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PARTNER II Trial Finds Minimally Invasive Heart Valve Replacement Method A Safe Alternative To Traditional Surgery For Many Patients (NewYork-Presbyterian)
Transcatheter aortic valve replacement (TAVR) is a viable alternative to traditional open heart surgery for patients with severe aortic stenosis at intermediate risk for surgery, according to results from the Placement of AoRTic TraNscathetER Valves (PARTNER) II Trial.
Researchers from NewYork-Presbyterian/Columbia University Medical Center will present the study’s results as part of the late-breaking clinical trials at the American College of Cardiology (ACC) conference this weekend in Chicago. The study has also been published online in the New England Journal of Medicine.
“The PARTNER II trial is unique in its size, distinctive in rigor of execution and exceptional in patient outcomes, making it one of the most important trials in the history of our field,” said Dr. Craig Smith, surgeon-in-chief at NewYork-Presbyterian/Columbia University Medical Center, chair of the Department of Surgery at Columbia University Medical Center, senior author and co-principal investigator of the PARTNER II Trial.
The trial examined outcomes for 2,032 patients with severe aortic stenosis and cardiac symptoms at intermediate risk for traditional surgery at 57 centers across the United States and Canada between December 2011 and November 2013. Patients were stratified in cohorts according to access route (transfemoral or transthoracic) and were then randomly assigned to receive either TAVR with the SAPIEN XT valve or surgical aortic valve replacement. All patients were followed for at least two years, undergoing clinical assessments by physicians across various disciplines.
The combined primary endpoint of the trial was all-cause mortality or disabling stroke at two years — the rate for patients who received TAVR was 19.3 percent for TAVR with the SAPIEN XT valve, compared with 21 percent for surgery. For the 76 percent of SAPIEN XT patients treated via the transfemoral approach, the event rate was 16.8 percent, significantly less than the rate for traditional surgery.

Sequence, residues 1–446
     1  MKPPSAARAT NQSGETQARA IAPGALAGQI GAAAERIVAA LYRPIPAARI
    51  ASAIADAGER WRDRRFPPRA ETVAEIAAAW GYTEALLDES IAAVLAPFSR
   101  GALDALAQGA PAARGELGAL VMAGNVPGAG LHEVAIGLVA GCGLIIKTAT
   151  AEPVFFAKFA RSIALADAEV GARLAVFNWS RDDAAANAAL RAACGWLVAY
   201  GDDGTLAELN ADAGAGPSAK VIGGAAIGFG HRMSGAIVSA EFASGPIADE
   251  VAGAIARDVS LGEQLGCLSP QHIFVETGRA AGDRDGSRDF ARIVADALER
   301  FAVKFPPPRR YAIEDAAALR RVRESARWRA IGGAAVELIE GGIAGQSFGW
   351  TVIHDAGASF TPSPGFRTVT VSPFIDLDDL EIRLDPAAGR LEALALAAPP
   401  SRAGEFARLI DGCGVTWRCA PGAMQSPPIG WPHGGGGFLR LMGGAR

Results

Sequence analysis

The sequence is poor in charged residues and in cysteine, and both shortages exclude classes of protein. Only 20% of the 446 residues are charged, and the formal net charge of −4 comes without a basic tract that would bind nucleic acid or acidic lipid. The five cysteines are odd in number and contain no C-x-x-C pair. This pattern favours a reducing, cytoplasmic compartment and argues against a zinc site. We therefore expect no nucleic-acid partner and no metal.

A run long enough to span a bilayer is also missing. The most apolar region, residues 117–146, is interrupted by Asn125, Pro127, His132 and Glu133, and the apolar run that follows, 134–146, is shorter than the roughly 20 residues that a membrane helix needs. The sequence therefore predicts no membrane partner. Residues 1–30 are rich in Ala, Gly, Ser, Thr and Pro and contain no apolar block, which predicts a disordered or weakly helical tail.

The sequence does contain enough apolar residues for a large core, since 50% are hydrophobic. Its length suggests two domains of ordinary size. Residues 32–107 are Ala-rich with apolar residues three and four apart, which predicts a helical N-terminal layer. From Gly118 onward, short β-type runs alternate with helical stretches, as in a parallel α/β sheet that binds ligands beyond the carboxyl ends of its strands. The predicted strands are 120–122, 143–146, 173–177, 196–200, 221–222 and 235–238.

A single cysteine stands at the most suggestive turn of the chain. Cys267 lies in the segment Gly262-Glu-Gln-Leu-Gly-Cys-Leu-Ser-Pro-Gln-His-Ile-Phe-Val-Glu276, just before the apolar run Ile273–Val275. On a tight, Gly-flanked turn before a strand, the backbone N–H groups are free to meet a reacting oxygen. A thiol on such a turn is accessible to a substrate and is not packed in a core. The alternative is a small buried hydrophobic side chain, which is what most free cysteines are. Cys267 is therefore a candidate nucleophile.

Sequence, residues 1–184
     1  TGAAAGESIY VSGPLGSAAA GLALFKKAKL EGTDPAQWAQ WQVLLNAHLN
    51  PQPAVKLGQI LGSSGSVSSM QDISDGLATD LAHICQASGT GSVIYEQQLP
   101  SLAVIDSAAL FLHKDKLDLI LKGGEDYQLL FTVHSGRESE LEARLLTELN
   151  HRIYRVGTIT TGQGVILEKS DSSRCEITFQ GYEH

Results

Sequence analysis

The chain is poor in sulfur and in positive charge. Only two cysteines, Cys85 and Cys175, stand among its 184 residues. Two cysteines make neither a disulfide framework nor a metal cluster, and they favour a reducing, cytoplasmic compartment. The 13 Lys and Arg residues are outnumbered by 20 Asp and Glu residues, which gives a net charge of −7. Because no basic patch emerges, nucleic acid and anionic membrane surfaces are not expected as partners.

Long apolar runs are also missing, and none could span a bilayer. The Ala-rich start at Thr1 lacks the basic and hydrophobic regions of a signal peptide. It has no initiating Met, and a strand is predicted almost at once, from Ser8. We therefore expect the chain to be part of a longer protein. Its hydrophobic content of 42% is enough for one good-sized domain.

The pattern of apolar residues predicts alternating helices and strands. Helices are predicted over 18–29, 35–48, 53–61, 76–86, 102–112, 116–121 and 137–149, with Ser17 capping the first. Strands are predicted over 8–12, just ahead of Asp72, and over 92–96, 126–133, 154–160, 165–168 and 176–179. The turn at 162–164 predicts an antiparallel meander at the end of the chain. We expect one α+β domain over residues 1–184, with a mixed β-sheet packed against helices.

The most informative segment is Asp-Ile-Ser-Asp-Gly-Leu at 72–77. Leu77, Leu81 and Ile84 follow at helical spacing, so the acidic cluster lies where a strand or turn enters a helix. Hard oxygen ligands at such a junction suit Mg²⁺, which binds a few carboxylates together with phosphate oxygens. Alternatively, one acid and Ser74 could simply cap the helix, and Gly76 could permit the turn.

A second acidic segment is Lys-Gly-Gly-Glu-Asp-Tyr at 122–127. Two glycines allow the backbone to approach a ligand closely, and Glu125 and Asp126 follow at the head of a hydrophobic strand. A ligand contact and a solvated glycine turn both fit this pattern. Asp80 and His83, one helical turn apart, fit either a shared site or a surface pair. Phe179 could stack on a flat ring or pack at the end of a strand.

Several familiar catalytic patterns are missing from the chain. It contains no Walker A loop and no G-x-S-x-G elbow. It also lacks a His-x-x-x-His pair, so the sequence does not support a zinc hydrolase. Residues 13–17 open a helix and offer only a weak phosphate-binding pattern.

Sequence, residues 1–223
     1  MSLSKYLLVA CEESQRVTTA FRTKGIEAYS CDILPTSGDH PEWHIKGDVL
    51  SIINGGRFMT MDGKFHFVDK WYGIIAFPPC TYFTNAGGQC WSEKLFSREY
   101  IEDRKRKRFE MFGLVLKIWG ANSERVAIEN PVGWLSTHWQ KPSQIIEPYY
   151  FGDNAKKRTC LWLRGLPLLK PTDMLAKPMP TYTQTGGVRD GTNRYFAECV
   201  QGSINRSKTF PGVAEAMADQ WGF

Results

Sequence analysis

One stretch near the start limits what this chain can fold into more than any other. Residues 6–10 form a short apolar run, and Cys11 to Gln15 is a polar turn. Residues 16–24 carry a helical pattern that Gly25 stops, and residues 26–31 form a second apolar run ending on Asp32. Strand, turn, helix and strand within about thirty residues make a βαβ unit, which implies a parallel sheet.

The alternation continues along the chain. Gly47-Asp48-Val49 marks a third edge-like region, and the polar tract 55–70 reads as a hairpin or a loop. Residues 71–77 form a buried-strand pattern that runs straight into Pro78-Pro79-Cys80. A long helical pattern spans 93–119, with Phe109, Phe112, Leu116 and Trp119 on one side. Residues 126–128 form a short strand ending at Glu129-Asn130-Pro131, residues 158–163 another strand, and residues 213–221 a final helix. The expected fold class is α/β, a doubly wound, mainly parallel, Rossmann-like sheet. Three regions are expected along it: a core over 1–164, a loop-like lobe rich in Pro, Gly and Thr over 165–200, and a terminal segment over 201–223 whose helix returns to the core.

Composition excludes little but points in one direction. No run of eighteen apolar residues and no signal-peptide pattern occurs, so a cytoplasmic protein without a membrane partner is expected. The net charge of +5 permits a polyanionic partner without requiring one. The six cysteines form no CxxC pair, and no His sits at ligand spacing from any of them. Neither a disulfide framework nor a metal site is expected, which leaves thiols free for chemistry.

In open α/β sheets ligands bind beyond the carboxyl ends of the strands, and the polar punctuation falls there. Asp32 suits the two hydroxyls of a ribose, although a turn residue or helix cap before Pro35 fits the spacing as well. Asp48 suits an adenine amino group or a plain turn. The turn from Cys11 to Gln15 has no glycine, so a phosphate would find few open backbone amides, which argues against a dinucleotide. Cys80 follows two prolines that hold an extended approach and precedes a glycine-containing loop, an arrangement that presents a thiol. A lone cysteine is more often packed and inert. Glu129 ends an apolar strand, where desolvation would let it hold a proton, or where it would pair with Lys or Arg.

“We are confident the PARTNER IIA Trial will contribute to changing the guidelines for aortic valve replacement procedures,” said Dr. Martin Leon, director of the Center for Interventional Vascular Therapy at NewYork-Presbyterian/Columbia University Medical Center, professor of medicine at Columbia University Medical Center and a co-author of the trial. “Because TAVR is a less invasive procedure, it is desirable to patients. We believe that the PARTNER IIA data will support the use of TAVR as an alternative or preferred choice in many patients with intermediate risk.” Dr. Leon will be attending the ACC and will be available to speak on behalf of the outcomes.
This study comes after the previous PARTNER Trial in 2011 – the world’s first randomized clinical trial of a transcatheter aortic heart valve – which yielded successful results after one-year survival in high-risk patients.
The aortic valve replacement devices used in the study are manufactured by Edwards Lifesciences of Irvine, CA, which also funded the study.